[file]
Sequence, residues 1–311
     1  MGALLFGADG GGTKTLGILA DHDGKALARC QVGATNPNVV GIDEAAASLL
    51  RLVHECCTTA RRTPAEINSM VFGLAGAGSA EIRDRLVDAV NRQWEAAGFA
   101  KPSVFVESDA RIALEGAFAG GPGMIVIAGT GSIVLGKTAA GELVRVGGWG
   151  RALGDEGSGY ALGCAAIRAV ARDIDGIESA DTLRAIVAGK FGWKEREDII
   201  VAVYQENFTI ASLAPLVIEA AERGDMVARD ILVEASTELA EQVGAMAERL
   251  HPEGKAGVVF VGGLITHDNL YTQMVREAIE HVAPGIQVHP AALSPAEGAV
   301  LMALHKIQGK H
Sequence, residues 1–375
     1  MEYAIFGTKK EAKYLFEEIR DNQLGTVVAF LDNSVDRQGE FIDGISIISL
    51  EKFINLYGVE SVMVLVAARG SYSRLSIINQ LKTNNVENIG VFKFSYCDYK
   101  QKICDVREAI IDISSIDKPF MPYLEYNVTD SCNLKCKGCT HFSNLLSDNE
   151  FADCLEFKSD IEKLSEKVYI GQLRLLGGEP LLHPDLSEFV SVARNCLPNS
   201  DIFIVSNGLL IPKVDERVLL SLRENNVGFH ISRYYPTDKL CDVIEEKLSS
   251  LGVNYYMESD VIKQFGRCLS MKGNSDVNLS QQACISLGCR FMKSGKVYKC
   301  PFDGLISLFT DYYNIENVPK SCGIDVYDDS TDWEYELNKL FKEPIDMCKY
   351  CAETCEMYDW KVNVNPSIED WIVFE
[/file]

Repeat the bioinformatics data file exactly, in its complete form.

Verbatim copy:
Sequence, residues 1–311
     1  MGALLFGADG GGTKTLGILA DHDGKALARC QVGATNPNVV GIDEAAASLL
    51  RLVHECCTTA RRTPAEINSM VFGLAGAGSA EIRDRLVDAV NRQWEAAGFA
   101  KPSVFVESDA RIALEGAFAG GPGMIVIAGT GSIVLGKTAA GELVRVGGWG
   151  RALGDEGSGY ALGCAAIRAV ARDIDGIESA DTLRAIVAGK FGWKEREDII
   201  VAVYQENFTI ASLAPLVIEA AERGDMVARD ILVEASTELA EQVGAMAERL
   251  HPEGKAGVVF VGGLITHDNL YTQMVREAIE HVAPGIQVHP AALSPAEGAV
   301  LMALHKIQGK H
Sequence, residues 1–375
     1  MEYAIFGTKK EAKYLFEEIR DNQLGTVVAF LDNSVDRQGE FIDGISIISL
    51  EKFINLYGVE SVMVLVAARG SYSRLSIINQ LKTNNVENIG VFKFSYCDYK
   101  QKICDVREAI IDISSIDKPF MPYLEYNVTD SCNLKCKGCT HFSNLLSDNE
   151  FADCLEFKSD IEKLSEKVYI GQLRLLGGEP LLHPDLSEFV SVARNCLPNS
   201  DIFIVSNGLL IPKVDERVLL SLRENNVGFH ISRYYPTDKL CDVIEEKLSS
   251  LGVNYYMESD VIKQFGRCLS MKGNSDVNLS QQACISLGCR FMKSGKVYKC
   301  PFDGLISLFT DYYNIENVPK SCGIDVYDDS TDWEYELNKL FKEPIDMCKY
   351  CAETCEMYDW KVNVNPSIED WIVFE